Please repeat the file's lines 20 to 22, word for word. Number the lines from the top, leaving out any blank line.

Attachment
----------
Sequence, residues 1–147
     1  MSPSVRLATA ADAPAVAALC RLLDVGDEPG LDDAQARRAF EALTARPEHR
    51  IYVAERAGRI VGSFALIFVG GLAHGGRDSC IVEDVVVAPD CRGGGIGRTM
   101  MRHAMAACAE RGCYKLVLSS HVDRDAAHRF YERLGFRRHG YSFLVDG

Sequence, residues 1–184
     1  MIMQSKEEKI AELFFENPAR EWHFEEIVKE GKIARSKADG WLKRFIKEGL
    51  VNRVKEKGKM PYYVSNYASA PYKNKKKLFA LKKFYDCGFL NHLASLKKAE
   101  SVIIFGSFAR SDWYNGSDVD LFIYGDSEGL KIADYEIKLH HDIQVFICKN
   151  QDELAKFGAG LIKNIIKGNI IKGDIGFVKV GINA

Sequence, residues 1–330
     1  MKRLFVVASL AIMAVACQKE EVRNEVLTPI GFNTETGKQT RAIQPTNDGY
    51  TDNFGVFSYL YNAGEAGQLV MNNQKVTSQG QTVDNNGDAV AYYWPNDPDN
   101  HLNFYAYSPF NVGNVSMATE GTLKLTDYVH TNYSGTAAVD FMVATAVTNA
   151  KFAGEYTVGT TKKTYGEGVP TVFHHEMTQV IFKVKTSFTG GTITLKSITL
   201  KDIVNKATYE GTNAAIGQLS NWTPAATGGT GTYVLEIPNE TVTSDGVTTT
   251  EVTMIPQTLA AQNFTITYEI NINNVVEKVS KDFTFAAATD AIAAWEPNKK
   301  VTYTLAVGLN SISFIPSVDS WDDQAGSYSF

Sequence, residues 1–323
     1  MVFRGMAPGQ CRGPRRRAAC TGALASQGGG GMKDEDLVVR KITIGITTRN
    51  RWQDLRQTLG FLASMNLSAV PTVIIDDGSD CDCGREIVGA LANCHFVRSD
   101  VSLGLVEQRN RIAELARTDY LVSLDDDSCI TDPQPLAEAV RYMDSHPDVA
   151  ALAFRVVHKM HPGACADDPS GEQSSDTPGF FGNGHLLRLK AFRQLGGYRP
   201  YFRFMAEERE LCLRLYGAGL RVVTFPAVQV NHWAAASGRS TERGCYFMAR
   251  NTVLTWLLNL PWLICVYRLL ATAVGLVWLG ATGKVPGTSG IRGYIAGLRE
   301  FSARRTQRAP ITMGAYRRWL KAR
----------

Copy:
    51  RWQDLRQTLG FLASMNLSAV PTVIIDDGSD CDCGREIVGA LANCHFVRSD
   101  VSLGLVEQRN RIAELARTDY LVSLDDDSCI TDPQPLAEAV RYMDSHPDVA
   151  ALAFRVVHKM HPGACADDPS GEQSSDTPGF FGNGHLLRLK AFRQLGGYRP